Cork to get new €5 million bridge in city centre

Bridge will be used by over 11,000 people a day to enter and leave Cork city

An artist’s impression of the new bridge planned for Cork

An artist’s impression of the new bridge planned for Cork

 

Cork is get a new €5 million pedestrian bridge across the River Lee which will be used by 11,000 people a day to enter and leave the city centre.

Work is due to start later this month on the Harley Street Bridge over the North Channel of the River Lee linking Merchant’s Quay with St Patrick’s Quay on the northside.

Lord Mayor of Cork, Cllr Mick Finn welcomed the plans for the bridge which, when fully operational in 2019, is expected will be used by 11,000 pedestrians and cyclists daily.

“The new bridge will greatly improve connectivity and convenience for the people of Cork - linking the city centre with the Victorian Quarter comprising MacCurtain St and surrounding areas.”

The bridge will be built by L & M Keating Contractors who recently completed the construction of the Pedestrian Bridge at Perrott’s Inch on the South Channel of the Lee near University College Cork.

A Cork City Council spokeswoman said the initial phase of work will consist of site set up and diversion of underground utilities on both Merchant’s Quay and St Patrick’s Quay.

The bridge itself will be fabricated off site by Thompsons of Carlow between July this year and February 2019 and the bridge section will be transported by truck for final assembly in Cork Harbour.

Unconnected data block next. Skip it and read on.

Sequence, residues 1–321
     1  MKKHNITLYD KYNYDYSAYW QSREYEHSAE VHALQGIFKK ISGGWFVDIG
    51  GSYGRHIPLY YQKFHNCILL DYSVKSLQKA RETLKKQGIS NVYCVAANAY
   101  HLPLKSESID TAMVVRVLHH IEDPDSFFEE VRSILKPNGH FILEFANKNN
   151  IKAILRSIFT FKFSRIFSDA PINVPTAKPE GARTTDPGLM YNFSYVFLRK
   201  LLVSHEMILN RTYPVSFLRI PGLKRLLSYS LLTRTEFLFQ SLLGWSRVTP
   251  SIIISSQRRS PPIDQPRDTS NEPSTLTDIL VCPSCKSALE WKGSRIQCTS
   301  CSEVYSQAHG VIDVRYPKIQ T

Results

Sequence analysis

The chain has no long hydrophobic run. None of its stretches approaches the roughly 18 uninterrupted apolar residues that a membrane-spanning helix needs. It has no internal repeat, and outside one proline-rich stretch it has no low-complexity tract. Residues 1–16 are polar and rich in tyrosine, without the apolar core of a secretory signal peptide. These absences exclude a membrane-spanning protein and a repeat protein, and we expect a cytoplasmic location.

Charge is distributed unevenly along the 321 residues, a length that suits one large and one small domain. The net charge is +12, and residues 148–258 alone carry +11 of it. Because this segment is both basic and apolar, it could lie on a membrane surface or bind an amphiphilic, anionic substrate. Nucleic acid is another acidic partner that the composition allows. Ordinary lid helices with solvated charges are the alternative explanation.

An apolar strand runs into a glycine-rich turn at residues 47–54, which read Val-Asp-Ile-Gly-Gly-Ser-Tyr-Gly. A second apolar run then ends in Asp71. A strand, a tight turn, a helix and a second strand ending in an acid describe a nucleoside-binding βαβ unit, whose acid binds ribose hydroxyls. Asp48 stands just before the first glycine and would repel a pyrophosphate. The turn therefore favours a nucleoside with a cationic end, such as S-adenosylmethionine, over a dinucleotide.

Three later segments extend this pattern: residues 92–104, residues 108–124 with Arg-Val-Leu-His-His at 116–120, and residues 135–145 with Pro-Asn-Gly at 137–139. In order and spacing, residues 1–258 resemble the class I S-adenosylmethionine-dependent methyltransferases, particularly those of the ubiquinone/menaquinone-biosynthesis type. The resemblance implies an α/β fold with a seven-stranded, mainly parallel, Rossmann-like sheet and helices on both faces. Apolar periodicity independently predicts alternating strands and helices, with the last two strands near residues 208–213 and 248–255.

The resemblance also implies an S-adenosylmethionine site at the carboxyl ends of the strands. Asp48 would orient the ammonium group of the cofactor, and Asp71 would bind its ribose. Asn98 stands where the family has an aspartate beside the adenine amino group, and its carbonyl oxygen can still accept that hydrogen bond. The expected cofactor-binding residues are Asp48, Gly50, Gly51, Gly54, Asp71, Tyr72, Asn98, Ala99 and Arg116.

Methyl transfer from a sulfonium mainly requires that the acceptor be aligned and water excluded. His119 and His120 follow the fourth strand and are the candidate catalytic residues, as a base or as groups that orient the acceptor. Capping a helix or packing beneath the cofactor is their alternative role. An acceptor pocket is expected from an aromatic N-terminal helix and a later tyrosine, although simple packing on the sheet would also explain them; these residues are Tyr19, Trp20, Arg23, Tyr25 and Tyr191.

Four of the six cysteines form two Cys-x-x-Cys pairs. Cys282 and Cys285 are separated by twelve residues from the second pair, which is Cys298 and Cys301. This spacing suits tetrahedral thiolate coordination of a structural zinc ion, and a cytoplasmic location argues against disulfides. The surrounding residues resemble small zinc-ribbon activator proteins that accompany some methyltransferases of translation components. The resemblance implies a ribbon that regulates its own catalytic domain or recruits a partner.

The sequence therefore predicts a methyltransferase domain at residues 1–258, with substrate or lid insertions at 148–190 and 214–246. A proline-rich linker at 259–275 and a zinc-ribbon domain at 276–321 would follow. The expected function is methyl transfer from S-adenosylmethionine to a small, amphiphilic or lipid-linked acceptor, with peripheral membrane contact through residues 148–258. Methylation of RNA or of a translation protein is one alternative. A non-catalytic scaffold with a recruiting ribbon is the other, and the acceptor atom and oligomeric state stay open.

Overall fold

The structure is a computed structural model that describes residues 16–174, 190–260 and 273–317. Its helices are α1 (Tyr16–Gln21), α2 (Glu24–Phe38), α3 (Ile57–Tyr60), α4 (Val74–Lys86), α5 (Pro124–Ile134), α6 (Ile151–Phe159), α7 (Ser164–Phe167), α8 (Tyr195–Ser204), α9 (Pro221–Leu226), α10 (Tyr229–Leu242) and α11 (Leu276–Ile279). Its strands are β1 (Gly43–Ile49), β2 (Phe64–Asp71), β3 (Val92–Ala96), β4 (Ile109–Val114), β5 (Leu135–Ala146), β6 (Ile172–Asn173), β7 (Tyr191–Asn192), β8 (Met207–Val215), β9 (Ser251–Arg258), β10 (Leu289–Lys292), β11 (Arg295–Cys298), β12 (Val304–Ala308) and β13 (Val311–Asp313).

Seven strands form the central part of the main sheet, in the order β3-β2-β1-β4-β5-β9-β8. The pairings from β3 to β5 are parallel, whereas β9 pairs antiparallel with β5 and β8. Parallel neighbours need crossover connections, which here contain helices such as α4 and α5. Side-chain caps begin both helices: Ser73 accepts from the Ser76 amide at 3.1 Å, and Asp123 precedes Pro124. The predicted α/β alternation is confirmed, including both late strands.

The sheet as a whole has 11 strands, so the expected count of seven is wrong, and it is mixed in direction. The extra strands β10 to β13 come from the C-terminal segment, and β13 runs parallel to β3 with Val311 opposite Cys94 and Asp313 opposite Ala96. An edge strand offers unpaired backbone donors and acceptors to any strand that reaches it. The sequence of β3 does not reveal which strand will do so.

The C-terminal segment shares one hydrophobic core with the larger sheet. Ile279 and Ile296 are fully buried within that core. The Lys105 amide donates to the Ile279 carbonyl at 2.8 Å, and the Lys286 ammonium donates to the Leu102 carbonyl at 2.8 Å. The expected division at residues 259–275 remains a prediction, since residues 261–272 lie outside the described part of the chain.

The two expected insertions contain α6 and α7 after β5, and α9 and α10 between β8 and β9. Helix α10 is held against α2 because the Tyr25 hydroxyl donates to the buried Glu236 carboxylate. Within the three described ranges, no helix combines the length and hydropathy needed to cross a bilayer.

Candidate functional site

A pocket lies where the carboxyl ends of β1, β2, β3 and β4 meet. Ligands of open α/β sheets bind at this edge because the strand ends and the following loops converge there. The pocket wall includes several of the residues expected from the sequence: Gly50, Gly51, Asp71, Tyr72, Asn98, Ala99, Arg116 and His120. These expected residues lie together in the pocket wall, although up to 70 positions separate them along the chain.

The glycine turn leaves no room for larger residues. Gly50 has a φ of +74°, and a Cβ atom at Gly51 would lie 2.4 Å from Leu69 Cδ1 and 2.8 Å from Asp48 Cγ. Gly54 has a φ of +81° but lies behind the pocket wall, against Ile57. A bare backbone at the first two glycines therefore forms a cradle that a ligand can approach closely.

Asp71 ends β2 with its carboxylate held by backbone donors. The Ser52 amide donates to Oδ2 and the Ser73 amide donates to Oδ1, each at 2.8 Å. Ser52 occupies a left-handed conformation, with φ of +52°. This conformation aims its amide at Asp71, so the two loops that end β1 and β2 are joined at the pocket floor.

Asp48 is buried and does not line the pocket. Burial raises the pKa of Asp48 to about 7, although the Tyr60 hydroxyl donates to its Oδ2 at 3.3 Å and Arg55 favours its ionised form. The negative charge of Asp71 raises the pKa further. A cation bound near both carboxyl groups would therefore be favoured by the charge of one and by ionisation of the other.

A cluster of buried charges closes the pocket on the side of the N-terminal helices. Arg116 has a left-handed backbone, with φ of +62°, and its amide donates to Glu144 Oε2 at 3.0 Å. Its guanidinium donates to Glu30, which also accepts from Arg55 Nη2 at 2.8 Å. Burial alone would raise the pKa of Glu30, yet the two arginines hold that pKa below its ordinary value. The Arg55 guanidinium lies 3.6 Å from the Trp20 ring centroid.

The finished superstructure will be placed on a barge and transported up river to the city centre in April 2019 when it will be lifted by crane from the barge in one overnight operation.

The barge journey will be timed to coincide with the optimum tide level for clear passage under Brian Boru Bridge and the installation will involve the closure of both quays during the operation.

Meanwhile work has begun on the €1.2 million repair and rehabilitation of St Patrick’s Bridge which link St Patrick’s Street in the city centre with Bridge Street on the city’s northside..

An under-bridge crane unit, one of three in the country,-is in place and will be used by Cumnor Construction to clean, re-point and repair the stonework on the 19th century heritage bridge.

Cllr Finn welcomed the restoration work, which is being carried out by Cork City Council in conjunction with Transport Infrastructure Ireland and is due to be completed by October

“We are delighted this restoration work is taking place and that such care is being taken to stay true to the design ideals of this bridge which opened in 1861 and is a key part of the city’s built heritage”.

Critical maintenance work has also begun on another of the city’s heritage bridges, St Vincent’s Bridge which connects the North Mall to the junction of Bachelor’s Quay and Grenville Place.